Can’t wait to attend Brown University? Then you should be willing to live away from home.

At the Ivy League, undergraduate students are required to live on-campus for six semesters — they have to live in residence hall communities, which consist of 50 to 60 students.

When it comes to partying, Brown University is highly ranked, too. As a matter of fact, it’s #180 in Top Party Schools in America and #3 in Top Party Schools in Rhode Island, both by Niche. Part of the reason behind this is that the school’s Greek life is bustling — Niche ranks it #3 in Best Greek Life in Rhode Island.

Its campus is located where it’s in close proximity to bars and other establishments where night owls tend to go.

However, in most instances, there is even no need for you to step foot outside the campus just to have some fun — Brown University is littered with frat or house parties — many agree that some of the best options show up from Wednesday to Saturday. And the majority of the studentry agree that the biggest party event of the year is spring weekend.

Acceptance Rate at Brown University

The acceptance rate at Brown University is 8% only, making it an extremely selective institution. It’s not uncommon among Ivy League schools to have some of the lowest acceptance rates in the land. Among all degree-granting institutions in Rhode Island, Brown University has the lowest acceptance rate.

Before you enjoy the perks of Brown University’s open curriculum, there is one very important thing you need to do first: pass the prestigious school’s rigorous admissions process.

With an acceptance rate of 8%, it’s apparent that getting admitted into it is far from being easy.

In order to get a much better idea of the selectivity level of Brown University, check out the table below that demonstrates the acceptance rates (as of this writing) at various Ivy League schools. But keep in mind that a school’s acceptance rate can change from one academic year to the other.

Harvard University5%
Princeton University6%
Columbia University7%
Yale University7%
Brown University8%
Dartmouth College9%
University of Pennsylvania9%
Cornell University11%

As you can see, as far as acceptance rates at Ivy Leagues go, Brown University is somewhere in the middle of the pack.

It goes without saying that your chances of getting accepted into it are higher than your chances of getting an offer to enroll at Harvard or Princeton, but lower than your chances of getting admitted into Penn or Cornell.

Brown University may not have the lowest acceptance rate among the big eight. However, in Rhode Island, it has the lowest acceptance rate among all accredited, degree-granting schools. As a matter of fact, it’s the only institution in the entire state with a single-digit acceptance rate!

Let’s take a look at the top 10 institutions in the Ocean State selectivity-wise:

Brown University8%
Rhode Island School of Design27%
Providence College54%
New England Institute of Technology69%
Salve Regina University75%
Bryant University76%
University of Rhode Island76%
Rhode Island College81%
Roger Williams University86%
Johnson & Wales University87%

Want to make your application irresistible to the admissions officers at Brown University? Then make sure that you have an idea of the different academic and non-academic factors taken into account during the admissions process.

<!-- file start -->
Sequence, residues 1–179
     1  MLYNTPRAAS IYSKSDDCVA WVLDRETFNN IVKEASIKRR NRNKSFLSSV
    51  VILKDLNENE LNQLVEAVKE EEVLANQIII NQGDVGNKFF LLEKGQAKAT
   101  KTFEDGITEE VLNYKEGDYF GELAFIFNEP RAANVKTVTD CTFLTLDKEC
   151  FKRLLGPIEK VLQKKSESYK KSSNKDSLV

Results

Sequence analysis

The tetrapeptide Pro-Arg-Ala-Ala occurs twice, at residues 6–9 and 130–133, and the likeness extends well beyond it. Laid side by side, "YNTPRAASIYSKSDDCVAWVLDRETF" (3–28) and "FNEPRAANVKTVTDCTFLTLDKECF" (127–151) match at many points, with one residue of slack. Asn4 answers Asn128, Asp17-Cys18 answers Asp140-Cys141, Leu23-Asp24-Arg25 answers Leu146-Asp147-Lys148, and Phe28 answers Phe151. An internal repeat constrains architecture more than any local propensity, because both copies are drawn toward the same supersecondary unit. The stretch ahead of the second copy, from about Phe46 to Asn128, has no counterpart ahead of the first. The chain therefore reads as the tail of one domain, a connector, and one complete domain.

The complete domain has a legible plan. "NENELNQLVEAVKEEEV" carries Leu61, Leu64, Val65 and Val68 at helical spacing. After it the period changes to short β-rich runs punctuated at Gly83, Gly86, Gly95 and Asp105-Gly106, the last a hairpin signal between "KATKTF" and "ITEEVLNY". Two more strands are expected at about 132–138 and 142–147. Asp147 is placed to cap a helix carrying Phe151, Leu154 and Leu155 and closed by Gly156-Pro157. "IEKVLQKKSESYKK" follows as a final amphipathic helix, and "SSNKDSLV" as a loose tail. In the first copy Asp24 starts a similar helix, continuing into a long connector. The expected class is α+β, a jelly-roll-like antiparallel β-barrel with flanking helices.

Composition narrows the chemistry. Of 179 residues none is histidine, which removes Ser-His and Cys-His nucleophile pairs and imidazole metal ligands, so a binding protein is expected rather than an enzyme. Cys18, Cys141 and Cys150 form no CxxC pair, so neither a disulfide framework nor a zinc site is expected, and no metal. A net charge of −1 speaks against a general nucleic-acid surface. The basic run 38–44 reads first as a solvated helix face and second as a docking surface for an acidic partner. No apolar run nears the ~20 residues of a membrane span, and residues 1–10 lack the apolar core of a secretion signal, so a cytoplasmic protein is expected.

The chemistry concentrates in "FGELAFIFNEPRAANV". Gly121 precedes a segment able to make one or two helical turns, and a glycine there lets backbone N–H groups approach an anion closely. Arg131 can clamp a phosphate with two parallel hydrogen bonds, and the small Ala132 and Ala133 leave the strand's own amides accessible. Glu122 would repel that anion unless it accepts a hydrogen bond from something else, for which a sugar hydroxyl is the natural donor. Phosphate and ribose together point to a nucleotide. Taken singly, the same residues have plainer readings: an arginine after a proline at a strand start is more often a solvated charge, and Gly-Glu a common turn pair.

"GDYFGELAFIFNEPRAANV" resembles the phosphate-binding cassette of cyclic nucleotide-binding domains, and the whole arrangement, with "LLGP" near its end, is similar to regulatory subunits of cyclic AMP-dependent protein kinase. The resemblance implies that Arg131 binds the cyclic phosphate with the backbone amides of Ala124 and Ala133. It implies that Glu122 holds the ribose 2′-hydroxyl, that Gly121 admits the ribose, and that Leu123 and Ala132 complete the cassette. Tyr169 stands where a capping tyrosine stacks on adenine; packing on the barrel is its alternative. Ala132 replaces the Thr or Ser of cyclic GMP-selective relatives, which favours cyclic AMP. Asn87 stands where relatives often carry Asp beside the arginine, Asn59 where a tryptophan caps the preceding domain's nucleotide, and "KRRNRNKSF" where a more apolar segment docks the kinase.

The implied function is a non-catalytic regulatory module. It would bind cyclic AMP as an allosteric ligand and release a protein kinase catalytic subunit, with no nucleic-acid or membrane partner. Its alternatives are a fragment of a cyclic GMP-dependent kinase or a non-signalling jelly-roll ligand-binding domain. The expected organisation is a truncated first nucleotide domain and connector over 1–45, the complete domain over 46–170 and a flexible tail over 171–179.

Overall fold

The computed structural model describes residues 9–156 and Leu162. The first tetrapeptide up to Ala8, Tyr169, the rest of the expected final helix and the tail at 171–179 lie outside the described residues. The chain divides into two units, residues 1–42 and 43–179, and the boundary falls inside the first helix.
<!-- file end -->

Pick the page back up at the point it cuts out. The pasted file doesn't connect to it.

At Brown University, all possible academic factors are considered.

This means that your academic profile should be so much better than 92% of all aspirants. And to ensure that yours is impressive enough, check out the academic factors that count and the relative importance of each:

  • Academic rigor – very important
  • Class rank – very important
  • High school GPA – very important
  • Standardized test score – very important
  • Admissions essay – very important
  • Recommendation letters – very important
Brown University Dorms
Brown University Dorms

Meanwhile, the following are the non-academic factors considered and their respective relative importance:

  • Talent – very important
  • Personal qualities – very important
  • Extracurricular activities – important
  • Interview – considered
  • First-generation – considered
  • Alumni member relations – considered
  • Geographical residence – considered
  • State residency – considered
  • Race or ethnicity – considered
  • Volunteer work – considered
  • Work experience – considered

The admissions officers at Brown University do not look at religious affiliation when evaluating applicants. Similarly, they don’t care at all about an applicant’s level of demonstrated interest.

I think that there are a handful of really dedicated, engaging professors at Brown, and the student body is diverse and interesting. Some departments are amazing, but others are very lacking. Unfortunately, most people that I have met at Brown have negative attitudes towards the school.


How Much Does It Cost to Go to Brown University?

As of this writing, the estimated cost of attendance at Brown University for undergraduate students is $82,670. The tuition alone already amounts to $60,944. In the US, the average tuition at a private four-year institution is $35,807 per year, making Brown University’s tuition almost 60% higher.

Many graduating high school students from low-income families avoid Ivy League schools and other elite private institutions not only due to the fact that they have low acceptance rates but also because they have high sticker prices.